Theses Doctoral

Learning the Rules of the Game: The Nature of Game and Classroom Supports When Using a Concept-Integrated Digital Physics Game in the Middle School Science Classroom

Stewart Jr., Phillip

Games in science education is emerging as a popular topic of scholarly inquiry. The National Research Council recently published a report detailing a research agenda for games and science education entitled Learning Science Through Computer Games and Simulations (2011). The report recommends moving beyond typical proof-of-concept studies into more exploratory and theoretically-based work to determine how best to integrate games into K-12 classrooms for learning , as well as how scaffolds from within the game and from outside the game (from peers and teachers) support the learning of applicable science. This study uses a mixed-methods, quasi-experimental design with an 8th grade class at an independent school in southern Connecticut to answer the following questions: 1. What is the nature of the supports for science content learning provided by the game, the peer, and the teacher, when the game is used in a classroom setting? 2. How do the learning gains in the peer support condition compare to the solo play condition, both qualitatively and quantitatively? The concept-integrated physics game SURGE (Scaffolding Understanding through Redesigning Games for Education) was selected for this study, as it was developed with an ear towards specific learning theories and prior work on student understandings of impulse, force, and vectors. Stimulated recall interviews and video observations served as the primary sources and major patterns emerged through the triangulation of data sources and qualitative analysis in the software QSR NVivo 9. The first pattern which emerged indicated that scaffolding from within the game and outside the game requires a pause in game action to be effective, unless that scaffolding is directly useful to the player in the moment of action. The second major pattern indicated that both amount and type of prior gaming experience has somewhat complex effects on both the uses of supports and learning outcomes. In general, a high correlation was found between students who were more successful navigating supports from the game, the teacher, and the peer and higher gain scores from pre- to posttest. However, students with a lot of prior game experience that found the game to be easy without much assistance did not do as well from pre- to posttest as they did not need as much assistance from the game to do well and therefore missed out on important physics connections to impulse, force, and vectors. However, those students with little prior game experience did not find game scaffolds as useful and did not do as well from pre- to posttest without significant teacher and peer support to bolster or supplant the game's intended scaffolding. Implications for educators, educational game designers, and games in science education researchers are presented. It is argued that teachers must find ways to extract those scaffolds from the game which are easy to miss or require failure to activate so that all students, even those who find the game easy, are exposed to the intended learning in the game. Ideally, game designers are encouraged to find new ways to present scaffolds such that players of any ability can benefit from the connections from the game to physics.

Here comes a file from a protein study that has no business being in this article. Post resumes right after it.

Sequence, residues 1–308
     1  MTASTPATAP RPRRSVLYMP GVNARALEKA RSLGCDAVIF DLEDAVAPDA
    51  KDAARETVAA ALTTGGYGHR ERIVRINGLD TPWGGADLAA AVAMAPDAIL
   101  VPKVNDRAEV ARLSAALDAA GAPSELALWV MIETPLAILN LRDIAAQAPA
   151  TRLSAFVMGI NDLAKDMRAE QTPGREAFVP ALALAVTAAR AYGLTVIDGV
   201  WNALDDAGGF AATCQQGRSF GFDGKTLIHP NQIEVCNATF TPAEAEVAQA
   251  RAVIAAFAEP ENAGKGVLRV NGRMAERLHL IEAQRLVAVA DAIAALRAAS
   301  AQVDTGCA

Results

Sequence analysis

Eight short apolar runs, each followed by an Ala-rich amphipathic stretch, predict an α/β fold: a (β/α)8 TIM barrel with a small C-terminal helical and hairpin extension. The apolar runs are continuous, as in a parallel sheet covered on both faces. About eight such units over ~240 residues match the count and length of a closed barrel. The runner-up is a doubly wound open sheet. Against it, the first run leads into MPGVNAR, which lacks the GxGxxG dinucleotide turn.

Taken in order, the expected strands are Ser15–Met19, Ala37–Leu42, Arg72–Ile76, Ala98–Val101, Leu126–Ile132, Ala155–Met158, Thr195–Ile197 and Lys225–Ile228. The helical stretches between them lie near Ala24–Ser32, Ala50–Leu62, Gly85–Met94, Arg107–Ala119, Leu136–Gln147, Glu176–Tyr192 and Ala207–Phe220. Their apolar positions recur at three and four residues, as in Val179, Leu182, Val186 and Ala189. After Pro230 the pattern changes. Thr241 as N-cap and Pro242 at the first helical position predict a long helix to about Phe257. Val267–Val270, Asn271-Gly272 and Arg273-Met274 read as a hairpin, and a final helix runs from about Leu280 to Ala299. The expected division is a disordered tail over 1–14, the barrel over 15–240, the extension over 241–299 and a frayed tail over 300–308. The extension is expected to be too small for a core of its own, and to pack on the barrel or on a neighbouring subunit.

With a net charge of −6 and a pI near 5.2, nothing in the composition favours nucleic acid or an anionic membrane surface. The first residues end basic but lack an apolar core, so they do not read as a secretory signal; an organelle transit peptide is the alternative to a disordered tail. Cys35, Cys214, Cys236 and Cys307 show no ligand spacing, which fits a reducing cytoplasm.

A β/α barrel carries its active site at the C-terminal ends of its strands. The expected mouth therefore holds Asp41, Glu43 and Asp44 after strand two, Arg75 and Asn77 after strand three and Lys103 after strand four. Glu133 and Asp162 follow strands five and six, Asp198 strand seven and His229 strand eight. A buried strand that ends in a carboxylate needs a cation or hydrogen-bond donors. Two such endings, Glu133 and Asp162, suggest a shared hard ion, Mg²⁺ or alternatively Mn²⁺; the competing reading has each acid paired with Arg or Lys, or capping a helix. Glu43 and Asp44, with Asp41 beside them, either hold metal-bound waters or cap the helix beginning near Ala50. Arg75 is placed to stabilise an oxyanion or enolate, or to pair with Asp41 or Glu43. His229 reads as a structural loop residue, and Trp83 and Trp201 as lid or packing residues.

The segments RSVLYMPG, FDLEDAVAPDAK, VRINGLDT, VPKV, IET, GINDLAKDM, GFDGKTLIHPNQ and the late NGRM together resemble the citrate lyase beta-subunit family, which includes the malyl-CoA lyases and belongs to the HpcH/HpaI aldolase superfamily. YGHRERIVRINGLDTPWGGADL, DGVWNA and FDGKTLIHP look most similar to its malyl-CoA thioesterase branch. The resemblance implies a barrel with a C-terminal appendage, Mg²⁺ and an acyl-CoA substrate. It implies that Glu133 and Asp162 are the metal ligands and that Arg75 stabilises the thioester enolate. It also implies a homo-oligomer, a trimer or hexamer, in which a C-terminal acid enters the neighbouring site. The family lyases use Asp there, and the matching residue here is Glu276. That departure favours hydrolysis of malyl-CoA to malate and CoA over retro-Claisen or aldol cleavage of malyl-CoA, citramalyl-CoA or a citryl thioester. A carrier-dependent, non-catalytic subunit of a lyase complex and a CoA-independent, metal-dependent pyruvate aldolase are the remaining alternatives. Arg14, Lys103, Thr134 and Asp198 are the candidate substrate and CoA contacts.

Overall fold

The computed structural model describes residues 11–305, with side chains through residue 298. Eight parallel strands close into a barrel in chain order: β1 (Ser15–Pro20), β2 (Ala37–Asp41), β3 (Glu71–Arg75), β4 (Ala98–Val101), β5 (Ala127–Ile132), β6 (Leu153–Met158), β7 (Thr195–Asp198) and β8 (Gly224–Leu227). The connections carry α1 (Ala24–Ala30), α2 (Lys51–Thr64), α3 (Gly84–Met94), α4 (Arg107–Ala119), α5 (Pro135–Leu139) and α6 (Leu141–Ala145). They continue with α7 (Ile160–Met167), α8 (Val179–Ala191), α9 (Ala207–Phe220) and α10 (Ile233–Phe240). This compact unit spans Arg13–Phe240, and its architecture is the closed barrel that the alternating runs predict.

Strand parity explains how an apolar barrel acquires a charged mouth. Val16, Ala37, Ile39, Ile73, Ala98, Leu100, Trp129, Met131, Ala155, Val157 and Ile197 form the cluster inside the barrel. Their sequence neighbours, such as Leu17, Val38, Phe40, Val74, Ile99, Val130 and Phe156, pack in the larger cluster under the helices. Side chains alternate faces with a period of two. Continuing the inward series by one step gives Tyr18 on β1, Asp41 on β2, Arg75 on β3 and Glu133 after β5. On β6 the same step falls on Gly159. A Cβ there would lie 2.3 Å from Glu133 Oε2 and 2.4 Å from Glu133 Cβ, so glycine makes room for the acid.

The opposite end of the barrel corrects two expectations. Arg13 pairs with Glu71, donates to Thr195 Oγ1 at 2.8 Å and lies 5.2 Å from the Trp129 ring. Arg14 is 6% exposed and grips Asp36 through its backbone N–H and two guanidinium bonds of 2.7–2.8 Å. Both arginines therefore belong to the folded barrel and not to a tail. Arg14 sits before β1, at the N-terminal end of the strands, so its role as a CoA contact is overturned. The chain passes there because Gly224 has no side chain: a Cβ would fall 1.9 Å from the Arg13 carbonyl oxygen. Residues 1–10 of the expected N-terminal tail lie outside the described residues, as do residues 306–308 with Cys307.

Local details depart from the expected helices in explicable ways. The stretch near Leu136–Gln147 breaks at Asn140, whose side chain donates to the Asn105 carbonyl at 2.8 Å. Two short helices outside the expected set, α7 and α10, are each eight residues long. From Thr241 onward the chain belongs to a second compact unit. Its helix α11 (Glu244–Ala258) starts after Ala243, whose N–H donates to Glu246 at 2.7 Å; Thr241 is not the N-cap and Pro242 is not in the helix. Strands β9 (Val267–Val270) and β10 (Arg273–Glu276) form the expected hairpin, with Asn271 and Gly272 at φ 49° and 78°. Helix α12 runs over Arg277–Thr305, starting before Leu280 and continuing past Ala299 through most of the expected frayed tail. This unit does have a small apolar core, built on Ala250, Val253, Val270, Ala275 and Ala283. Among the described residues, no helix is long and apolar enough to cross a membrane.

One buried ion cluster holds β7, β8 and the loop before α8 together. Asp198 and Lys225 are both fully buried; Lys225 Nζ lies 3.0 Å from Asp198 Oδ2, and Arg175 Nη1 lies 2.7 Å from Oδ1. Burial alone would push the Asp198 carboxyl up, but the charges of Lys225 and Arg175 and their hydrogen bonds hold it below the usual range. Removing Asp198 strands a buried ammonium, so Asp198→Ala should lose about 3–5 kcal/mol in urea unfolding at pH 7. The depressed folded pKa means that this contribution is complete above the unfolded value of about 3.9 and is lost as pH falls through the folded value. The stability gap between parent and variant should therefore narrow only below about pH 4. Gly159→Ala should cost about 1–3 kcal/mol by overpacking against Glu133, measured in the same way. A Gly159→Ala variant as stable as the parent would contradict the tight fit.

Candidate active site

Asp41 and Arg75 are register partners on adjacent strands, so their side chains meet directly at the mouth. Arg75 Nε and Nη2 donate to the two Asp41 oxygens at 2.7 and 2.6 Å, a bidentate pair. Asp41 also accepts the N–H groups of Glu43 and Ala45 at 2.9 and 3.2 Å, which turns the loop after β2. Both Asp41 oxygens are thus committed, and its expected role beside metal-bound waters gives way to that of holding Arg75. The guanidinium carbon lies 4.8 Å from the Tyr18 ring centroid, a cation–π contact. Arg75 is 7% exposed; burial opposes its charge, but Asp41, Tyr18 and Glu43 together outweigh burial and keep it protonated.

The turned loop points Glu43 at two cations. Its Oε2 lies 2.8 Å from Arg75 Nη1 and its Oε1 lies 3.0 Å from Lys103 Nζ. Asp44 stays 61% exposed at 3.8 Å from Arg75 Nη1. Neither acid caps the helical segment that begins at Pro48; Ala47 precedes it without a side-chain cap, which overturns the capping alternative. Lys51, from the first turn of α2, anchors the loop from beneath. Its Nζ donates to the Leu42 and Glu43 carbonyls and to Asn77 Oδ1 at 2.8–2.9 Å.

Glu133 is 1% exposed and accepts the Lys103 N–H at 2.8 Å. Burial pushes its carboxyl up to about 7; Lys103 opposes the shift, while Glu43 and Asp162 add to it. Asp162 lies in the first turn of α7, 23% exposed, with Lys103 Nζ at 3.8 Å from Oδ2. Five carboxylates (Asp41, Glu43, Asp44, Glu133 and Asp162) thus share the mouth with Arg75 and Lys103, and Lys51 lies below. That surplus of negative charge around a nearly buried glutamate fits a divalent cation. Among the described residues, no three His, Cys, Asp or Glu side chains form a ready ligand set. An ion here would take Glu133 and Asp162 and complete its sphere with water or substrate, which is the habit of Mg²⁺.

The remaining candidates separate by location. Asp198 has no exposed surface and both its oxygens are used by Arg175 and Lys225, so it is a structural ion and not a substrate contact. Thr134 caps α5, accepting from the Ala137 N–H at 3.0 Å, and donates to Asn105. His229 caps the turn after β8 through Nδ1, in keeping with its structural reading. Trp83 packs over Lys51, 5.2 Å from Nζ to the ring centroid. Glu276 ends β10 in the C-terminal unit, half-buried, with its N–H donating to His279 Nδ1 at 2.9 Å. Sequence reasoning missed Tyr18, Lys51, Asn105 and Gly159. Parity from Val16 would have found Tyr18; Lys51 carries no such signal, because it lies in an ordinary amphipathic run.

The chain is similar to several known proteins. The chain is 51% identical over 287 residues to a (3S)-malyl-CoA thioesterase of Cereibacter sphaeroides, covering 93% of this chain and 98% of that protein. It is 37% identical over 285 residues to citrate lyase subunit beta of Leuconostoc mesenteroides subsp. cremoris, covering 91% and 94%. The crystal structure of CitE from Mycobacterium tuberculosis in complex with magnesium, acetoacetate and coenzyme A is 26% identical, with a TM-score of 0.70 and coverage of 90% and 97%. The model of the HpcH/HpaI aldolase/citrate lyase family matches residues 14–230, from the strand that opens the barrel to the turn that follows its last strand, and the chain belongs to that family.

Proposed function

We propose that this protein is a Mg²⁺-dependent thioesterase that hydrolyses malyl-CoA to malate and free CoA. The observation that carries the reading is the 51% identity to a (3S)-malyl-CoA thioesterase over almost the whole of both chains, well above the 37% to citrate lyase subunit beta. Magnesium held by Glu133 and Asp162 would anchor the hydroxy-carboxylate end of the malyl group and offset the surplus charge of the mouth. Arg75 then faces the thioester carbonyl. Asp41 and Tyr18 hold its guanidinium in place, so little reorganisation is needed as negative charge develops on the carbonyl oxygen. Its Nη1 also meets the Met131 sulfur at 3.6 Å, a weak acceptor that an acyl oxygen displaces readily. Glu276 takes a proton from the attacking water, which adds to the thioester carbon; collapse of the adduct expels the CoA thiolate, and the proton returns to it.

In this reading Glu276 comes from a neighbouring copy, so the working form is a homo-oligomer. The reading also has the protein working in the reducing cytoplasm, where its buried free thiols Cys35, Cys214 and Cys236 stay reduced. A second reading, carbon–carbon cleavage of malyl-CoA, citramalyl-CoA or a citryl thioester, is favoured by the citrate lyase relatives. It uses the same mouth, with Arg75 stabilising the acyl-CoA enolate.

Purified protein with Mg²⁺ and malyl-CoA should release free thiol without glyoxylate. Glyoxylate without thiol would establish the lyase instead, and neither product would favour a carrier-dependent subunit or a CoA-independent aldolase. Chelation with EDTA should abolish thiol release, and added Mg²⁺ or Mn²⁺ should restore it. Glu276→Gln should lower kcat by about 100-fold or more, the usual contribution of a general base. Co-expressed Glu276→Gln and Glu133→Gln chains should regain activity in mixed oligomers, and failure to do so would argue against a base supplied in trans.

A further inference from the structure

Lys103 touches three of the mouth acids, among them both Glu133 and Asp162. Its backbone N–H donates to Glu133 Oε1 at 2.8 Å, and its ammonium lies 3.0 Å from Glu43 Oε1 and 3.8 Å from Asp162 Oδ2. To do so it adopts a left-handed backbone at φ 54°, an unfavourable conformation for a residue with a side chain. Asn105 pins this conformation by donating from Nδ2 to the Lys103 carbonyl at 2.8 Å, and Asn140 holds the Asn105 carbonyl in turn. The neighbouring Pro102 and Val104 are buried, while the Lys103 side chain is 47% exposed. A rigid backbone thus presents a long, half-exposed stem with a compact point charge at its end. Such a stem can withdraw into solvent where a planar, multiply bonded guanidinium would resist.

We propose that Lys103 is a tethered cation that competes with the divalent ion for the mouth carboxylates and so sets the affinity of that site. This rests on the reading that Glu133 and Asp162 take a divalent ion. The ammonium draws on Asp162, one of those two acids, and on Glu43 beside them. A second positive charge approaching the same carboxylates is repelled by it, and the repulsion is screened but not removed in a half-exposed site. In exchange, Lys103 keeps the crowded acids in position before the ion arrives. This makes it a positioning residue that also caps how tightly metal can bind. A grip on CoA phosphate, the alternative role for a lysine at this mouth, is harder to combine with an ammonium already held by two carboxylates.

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More About This Work

Academic Units
Science Education
Thesis Advisors
Rivet, Ann
Ph.D., Columbia University
Published Here
May 1, 2013